Wednesday, November 22, 2017

A Strikingly Fresh Christmas Carol

Traditions may be so-called for a reason, but it doesn't mean they can't be freshened up a bit. 


Photo by Dan Norman

It's been a long time since I've attended a production of A Christmas Carol.

As any good Minnesotan I've seen the Guthrie's hallowed production before, of course, a few times. It's *fine* but hasn't ever been a source of much excitement for me. I love the work of Charles Dickens and love the book version, but the Guthrie's piece tended to feel like a fusty old show to me, and in a busy holiday season it hasn't often slid to the top of my list of priorities.

Photo by Dan Norman

This year I figured what the heck; it's been a while, my guy's never seen it, so what do I have to lose? May as well check it out again and see what's up.

Let me tell you friends: this was an excellent decision. Why? Let me tell you.

Photo by Dan Norman

Let's start with Director Lauren Keating. She's making her Guthrie debut on this production and it's a stunner. Smart choices, from a lush set to diverse casting to tightening transitions (the entire production clips in at two hours including intermission - be still my Scroogian heart!), abound throughout this show. I kept hearing the audience mention how different this was - no one could quite put their finger on exactly what sets this Christmas Carol apart from prior renditions, but believe me in that it's a long overdue refresh and one that I found charming. Audiences lucky enough to see Charity Jones debut the first-ever (to my knowledge) female Scrooge in one of only four elite performances she's delivering have my full jealousy; I'd adore to see a woman take on this vaunted role and imbue some fresh meaning into it. Guthrie, here's my plea: consider running the role with a female lead (*coughcough*charityjones*coughcough*) next year? And to anyone who is complaining about a woman playing the part: why can't a woman play a stinge too? We are equal opportunity offenders when it comes to selfishness. Give it a shot, you might be surprised how much you love it.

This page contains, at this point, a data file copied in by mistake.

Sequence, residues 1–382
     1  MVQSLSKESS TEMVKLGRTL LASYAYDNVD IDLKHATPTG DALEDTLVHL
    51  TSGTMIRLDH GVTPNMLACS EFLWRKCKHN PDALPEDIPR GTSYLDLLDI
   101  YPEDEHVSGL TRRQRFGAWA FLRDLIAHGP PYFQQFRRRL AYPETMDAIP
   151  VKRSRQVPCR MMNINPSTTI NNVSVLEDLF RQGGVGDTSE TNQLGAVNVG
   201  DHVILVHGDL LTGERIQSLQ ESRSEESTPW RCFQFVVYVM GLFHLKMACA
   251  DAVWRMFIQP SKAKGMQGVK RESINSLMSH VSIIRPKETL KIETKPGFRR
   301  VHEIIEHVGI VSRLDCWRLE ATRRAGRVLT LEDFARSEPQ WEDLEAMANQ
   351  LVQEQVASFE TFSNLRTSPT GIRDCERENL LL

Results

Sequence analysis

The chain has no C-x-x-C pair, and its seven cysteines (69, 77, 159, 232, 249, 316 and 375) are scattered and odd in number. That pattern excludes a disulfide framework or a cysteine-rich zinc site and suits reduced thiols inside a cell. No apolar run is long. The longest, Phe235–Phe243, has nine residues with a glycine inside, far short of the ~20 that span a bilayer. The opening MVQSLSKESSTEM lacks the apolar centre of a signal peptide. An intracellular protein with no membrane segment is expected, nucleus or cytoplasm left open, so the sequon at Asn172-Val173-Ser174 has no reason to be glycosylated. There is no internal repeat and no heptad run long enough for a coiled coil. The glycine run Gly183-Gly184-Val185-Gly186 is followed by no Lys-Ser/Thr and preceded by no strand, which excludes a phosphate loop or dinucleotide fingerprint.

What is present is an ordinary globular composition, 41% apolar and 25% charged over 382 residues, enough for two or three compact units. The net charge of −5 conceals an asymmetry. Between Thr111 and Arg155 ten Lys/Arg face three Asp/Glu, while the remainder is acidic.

Photo by Dan Norman

In case you haven't seen one of the myriad movies, plays, or somehow also missed the book, here's the short version of A Christmas Carol: Ebeneezer Scrooge is the embodiment of miserly selfishness. From the pauper's wages he pays his employees to his utter loathing of Christmas and general happiness, Scrooge terrifies and upsets every person he encounters until one Christmas he is visited by his former business partner Jacob Marley's ghost. Marley, who exhibited the same greedy qualities of Scrooge while he was alive, has been doomed to purgatory in the afterlife. Marley warns Scrooge to change his ways before befalling a similar fate and that Scrooge will be visited by three ghosts in the middle of the night: one of Christmas Past, one of Christmas Present, and one of Christmas Future. Through his journeys with these ghosts we learn of the source of Scrooge's horrible personality, see a softer side to the man, and witness a full change of heart. He emerges from the experience a completely changed person and becomes the personification of generosity with everyone he meets.